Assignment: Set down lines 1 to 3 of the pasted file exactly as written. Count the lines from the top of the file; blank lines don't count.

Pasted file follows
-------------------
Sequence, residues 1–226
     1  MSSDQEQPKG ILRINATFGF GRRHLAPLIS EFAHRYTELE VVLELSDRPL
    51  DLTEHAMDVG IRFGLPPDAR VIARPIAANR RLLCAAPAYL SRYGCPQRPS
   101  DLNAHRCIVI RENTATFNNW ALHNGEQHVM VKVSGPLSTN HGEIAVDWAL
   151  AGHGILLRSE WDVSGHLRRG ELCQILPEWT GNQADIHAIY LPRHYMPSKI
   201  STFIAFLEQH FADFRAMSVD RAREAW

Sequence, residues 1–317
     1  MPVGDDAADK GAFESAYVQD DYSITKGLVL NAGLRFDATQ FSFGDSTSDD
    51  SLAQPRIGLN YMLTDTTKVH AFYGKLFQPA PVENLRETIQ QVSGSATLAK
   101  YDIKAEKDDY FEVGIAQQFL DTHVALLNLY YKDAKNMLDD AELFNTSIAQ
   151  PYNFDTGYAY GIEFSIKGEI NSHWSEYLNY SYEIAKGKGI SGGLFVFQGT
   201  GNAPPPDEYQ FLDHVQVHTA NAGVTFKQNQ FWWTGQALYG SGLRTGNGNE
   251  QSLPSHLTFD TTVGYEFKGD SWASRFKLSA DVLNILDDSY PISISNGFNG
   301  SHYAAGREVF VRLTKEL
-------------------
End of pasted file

Sequence, residues 1–226
     1  MSSDQEQPKG ILRINATFGF GRRHLAPLIS EFAHRYTELE VVLELSDRPL
    51  DLTEHAMDVG IRFGLPPDAR VIARPIAANR RLLCAAPAYL SRYGCPQRPS